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Here’s one of them after I took a bite.  I gotta tell you, at first I was shocked by how much liquid came pouring out when I bit into it.  It drenched my plate and hand!  At first I was wondering if these would be like xiao long bao, the infamous soup dumplings that apparently nobody in Orlando serves, but so many local foodies lust after.  But no, this was not exactly a soup shower, but a grease geyser!  Don’t get me wrong, these cross-cultural delights were delicious, and also an engineering marvel in how the perfectly-sealed baked dough shell didn’t allow for any leaking liquid.

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I have to say, Orlando absolutely kills it with Chinese food.  We have Chef Wang’s Kitchen and Taste of Chengdu (really creative and spicy Szechuan cuisine) both west of downtown on Colonial, my old favorites Chuan Lu Garden (also Szechuan) and Peter’s Kitchen east of downtown on Colonial along with old stand-by Tasty Wok, and Yummy House in Altamonte Springs.  They’re all worthwhile and worth visiting, and all a cut above your shopping plaza storefronts or mall food court Chinese places.  Chef Wang’s is great, and in great company.

Taste of Chengdu

Before the end of 2018, I was able to meet a large group of Orlando Foodie Forum members at one of Orlando’s hottest (no pun intended restaurants), Taste of Chengdu.  Connected to a Best Western hotel west of downtown Orlando on West Colonial Drive, Taste of Chengdu has emerged as one of our best and most innovative Chinese restaurants, with Chef Tiger Tang specializing in spicy Szechuan cuisine.  This is not a place to go for glistening honey garlic chicken, sticky-sweet spareribs, greasy fried egg rolls, or a buffet with crab rangoons and Jell-O for dessert (although they do have a handful of more Americanized dishes available).  In fact, it might be a little intimidating for those with unadventurous palates and anyone who prefers their food non-spicy.  But it’s a fantastic restaurant if you want to try new things and exciting, unfamiliar variations on Chinese classics.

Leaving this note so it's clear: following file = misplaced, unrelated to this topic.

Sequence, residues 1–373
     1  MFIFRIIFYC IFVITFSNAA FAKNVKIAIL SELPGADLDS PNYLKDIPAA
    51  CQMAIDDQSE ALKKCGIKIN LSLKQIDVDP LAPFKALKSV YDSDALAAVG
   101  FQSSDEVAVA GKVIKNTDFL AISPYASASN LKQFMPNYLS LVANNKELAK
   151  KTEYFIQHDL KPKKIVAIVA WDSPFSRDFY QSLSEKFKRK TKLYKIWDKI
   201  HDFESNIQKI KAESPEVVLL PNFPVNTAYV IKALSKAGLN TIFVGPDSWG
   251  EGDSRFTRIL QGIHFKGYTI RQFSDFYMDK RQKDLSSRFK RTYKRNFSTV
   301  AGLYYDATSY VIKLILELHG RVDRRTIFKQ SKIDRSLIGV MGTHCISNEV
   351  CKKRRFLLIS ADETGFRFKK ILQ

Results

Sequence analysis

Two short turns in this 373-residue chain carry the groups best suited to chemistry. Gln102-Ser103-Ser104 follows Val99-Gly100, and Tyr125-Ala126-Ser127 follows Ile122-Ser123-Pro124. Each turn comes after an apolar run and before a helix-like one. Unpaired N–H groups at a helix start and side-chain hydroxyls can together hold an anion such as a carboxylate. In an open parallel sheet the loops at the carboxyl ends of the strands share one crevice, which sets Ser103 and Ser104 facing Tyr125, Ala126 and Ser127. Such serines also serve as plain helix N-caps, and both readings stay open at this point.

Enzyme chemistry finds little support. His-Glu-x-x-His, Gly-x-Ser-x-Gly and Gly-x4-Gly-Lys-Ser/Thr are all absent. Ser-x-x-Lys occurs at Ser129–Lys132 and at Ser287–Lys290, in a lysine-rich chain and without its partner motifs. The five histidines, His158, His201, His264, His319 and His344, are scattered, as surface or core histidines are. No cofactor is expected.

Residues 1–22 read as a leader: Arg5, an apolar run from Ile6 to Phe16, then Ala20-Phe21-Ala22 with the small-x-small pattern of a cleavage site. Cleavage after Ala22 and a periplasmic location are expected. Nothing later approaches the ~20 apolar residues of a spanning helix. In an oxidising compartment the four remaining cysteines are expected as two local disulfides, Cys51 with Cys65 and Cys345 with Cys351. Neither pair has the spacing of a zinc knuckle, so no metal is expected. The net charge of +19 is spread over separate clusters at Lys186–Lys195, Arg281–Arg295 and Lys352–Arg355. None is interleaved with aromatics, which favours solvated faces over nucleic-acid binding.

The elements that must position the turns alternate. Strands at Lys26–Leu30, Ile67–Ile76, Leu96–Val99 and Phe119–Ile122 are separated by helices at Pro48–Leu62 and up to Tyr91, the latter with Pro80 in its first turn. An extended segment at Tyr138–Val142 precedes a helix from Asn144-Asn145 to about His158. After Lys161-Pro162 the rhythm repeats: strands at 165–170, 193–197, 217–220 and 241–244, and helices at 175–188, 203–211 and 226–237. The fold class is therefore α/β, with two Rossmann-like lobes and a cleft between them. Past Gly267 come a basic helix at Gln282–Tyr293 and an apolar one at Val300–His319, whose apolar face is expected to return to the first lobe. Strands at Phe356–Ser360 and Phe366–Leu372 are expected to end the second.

The lunch organizer worked it out with Chef Tiger in advance that he would send a bunch of dishes out of the kitchen for us to pass around and share, family-style, and we would each pay a flat fee of $20, plus tax.  It was a real bargain, as there would be no way to ever try this many dishes in one sitting under normal circumstances.  Some of these were regular menu items, and some were his new and innovative creations, just for our gathering of intrepid eaters.

So since I don’t have official titles for everything, my descriptions that follow are the best I could do.

Cold boiled chicken in a spicy chili sauce with sesame seeds and scallions:dsc01737